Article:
Tue | Sep 27, 2016

Jamaica: Productivity Summary Report 1972-2007 - It's expensive, we are producing less!

Published:Wednesday | January 20, 2010 | 12:00 AM



In this 2005 photo, hundreds of farm work applicants gather at the St Paul's United Church, in Montego Bay, St James, hoping to be selected for the programme.

We have observed that the output per worker has been falling in Jamaica during the period 1972-2007. We now turn to the issue of what has been happening to the labour cost of each unit of good or service produced over the same time period. This statistic is referred to as unit labour cost and is a measure of the competitiveness of locally produced goods and services. It estimates the real wage paid to workers for each unit of good or service they produce. If the output produced per worker declines while real wages increase or remain the same, the labour cost of producing each unit of output increases. If nothing else changes, each unit of output is now more expensive to produce and therefore less competitive. Ideally, increases in wage rates should be driven by increases in productivity (output produced per worker), so as to prevent inflationary pressure.

It might be argued that labour is just one of the inputs in the production process, however it must be noted that it is one of the largest expense of a company and therefore will have a great impact on production cost. Industries which are labour intensive, as are many in Jamaica, are very sensitive to movement in labour cost.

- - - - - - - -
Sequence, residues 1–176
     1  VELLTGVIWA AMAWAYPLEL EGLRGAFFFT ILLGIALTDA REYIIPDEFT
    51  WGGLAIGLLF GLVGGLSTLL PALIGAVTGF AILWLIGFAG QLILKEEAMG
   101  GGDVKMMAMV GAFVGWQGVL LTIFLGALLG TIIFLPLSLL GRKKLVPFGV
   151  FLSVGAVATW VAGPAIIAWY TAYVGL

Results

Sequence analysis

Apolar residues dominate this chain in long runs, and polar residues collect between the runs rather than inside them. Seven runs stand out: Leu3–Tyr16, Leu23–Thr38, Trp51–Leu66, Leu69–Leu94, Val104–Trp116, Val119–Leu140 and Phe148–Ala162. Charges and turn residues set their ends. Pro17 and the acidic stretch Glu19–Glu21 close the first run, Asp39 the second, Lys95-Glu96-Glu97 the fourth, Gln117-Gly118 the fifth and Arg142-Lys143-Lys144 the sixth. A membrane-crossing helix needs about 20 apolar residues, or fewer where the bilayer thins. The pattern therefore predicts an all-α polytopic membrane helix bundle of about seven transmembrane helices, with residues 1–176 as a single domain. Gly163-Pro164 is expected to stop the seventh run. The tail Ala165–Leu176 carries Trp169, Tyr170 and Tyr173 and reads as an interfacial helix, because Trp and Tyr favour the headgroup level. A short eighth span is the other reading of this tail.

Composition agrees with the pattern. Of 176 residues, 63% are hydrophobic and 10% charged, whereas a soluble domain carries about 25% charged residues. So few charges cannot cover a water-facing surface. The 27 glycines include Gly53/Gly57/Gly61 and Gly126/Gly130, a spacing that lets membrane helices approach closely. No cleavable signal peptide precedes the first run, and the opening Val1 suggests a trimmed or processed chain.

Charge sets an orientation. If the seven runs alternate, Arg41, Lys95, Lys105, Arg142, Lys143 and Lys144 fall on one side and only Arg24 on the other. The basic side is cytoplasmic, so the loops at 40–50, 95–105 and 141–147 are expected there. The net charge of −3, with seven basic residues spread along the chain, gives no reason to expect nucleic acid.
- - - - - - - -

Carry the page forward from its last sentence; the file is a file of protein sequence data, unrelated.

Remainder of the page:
During the period covered by the Productivity Summary Report (1972-2007) unit-labour cost increased, on average, by 0.4 per cent per annum. This deterioration in competitiveness was driven by a decline in labour productivity and not by increases in real wages. In fact, real wages declined, on average, by 1.2 per cent per annum over the period. The fall in real wages was not sufficient to compensate for the fall in labour productivity. Therefore, this resulted in a loss in competitiveness.

Between 2003 and 2007, there was an annual reduction in unit-labour cost of 0.9 per cent. This resulted from a greater decline in real compensation to workers of 4.3 per cent per annum, relative to labour productivity, which declined by 1.8 per cent per annum

Growing cost of labour

The period 1993-1997 saw the largest increase in unit-labour cost, 5.6 per cent annually. During this period, real compensation to workers increased by a similar amount while labour productivity remained constant.

During the period 1988-1992, unit-labour cost was reduced by 1.4 per cent per annum, the largest decrease during the study period. This reduction was driven by output per worker increasing faster than increases in real wages. This is the only period in which increases in labour productivity surpassed increases in real wages.

We will now examine unit-labour cost in the various sectors of the economy. For agriculture, forestry & fishing, unit-labour cost was constant over the entire period 1972-2007. However, between 1983 and 1987, unit-labour cost increased by 8.9 per cent per annum. This was driven by wage-rate increases which outpaced the improvements in labour productivity. The period 1978-82 experienced a decrease of 5.2 per cent per annum in unit-labour cost, caused by wage rates falling faster than labour productivity.